If you mix that with a lot of other particular analytics, you have potentially a very powerful set of insights about what type of content to create and who to create it for. There’s a lot of potential with that purchase. If you look at Klout as something beyond people sending out potato chips to people who tweet about food, and you actually get down to the nitty-gritty of the real data that they have, there’s potentially some really cool stuff going on there. Hopefully, they turn into something.

Ray: It’s an interesting point. I’ve always been a little bit puzzled by Klout. I think a lot of people have been puzzled by them. The score itself I think in that context is a lot less interesting than what you just said – that ability to generate.

What we see in a lot of industries – and we’re starting to see this as a trend – is that the real valuable data sets are data sets that facilitate discovery of audiences of potential target companies, competitors, topics, keywords, and everything else. Being able to assemble data that creates these lists or indexes of whatever market you’re interested in, that’s something that really holds value in an acquisition.

Erin: When you build something, you can be the smartest platform that no one uses. Klout had scores that you and I as general people saw – either like or didn’t like, or paid attention to or didn’t pay attention to. But Klout’s real money-making thing was selling that information off to other people so that their companies could reach out to the top 10,000 people who are mostly likely to buy your product.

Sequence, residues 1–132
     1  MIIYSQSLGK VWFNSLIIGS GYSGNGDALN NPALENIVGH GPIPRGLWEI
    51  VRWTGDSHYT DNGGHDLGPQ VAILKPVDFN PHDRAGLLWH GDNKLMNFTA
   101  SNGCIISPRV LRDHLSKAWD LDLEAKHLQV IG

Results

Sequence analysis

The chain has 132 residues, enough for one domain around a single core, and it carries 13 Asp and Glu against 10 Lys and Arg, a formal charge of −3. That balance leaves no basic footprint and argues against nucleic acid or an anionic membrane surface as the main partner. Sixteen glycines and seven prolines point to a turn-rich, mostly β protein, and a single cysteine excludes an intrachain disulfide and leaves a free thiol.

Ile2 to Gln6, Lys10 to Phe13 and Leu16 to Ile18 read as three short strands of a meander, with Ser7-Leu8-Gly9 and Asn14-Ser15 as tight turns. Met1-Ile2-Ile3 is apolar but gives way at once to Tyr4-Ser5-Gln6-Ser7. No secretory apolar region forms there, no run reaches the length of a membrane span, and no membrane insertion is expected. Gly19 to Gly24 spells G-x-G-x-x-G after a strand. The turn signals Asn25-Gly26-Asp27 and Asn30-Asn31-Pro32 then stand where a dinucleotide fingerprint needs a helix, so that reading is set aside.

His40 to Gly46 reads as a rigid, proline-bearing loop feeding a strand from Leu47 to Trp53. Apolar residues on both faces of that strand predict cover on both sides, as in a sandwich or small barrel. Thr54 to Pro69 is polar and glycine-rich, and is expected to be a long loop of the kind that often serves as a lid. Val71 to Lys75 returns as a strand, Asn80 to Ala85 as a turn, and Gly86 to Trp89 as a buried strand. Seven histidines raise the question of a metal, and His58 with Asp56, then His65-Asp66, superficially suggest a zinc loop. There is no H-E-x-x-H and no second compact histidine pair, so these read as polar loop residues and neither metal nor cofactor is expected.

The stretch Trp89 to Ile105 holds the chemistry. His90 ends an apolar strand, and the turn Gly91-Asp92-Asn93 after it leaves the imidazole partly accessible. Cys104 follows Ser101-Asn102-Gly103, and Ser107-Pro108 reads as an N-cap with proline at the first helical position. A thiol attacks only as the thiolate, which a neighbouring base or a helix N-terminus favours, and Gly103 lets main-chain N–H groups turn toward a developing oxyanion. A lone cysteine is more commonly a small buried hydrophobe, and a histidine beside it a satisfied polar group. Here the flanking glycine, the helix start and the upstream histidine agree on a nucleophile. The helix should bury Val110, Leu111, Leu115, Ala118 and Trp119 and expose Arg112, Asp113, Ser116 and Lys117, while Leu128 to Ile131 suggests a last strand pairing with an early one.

There seem to be so much more that could’ve been done with it. A really cool dashboard for discovering influencers by different metrics, by volume, by impact, by region – all these different things that could’ve created a bunch of really awesome graphics for the general public to use, not just for big businesses.

Of course, I get that there are a lot of revenue situations going on there but there’s a reason Lithium bought Klout. There is a reason Klout decided to move more towards this publishing platform. Klout seems to lie dormant for a while and I have a feeling about was them hankering down and focusing on building new stuff and maybe getting ready for this acquisition.

But I think we’ll see some more stuff like that. That, to me, in the list of acquisitions that we were discussing today is one of the better ones. Like I said, assuming Lithium does something cool of it and doesn’t just tack it on to something and then add Klout scores to their Lithium dashboard.

Ray: Yeah, that would be unfortunate.

Erin: It would be very unfortunate. I’d say, “Hey, send Klout back out into the ocean. Do a catch-and-release program if you don’t end up doing something with it.”

Ray: You have 12 months to do something or you have to put that fish back in the water.

Erin: I’m serious! That’s a real problem to me – people taking something and not doing anything with it. You just own it now and I have to pay more for it and you didn’t enhance it in any way. I fail to understand this.

Next week we’re going to be talking about understanding your competition by using content marketing insights. Diving into understanding what your company and industry’s competitive landscape looks like and what particular insights you might want to look at, what metrics you should be discovering, and how to go about that.

Next week maybe a little bit more tutorial-ish. Maybe I’ll even prepare some visual aids.

Ray: Sounds good.

Erin: Thanks, everyone. Bye, Ray.

Ray: Bye.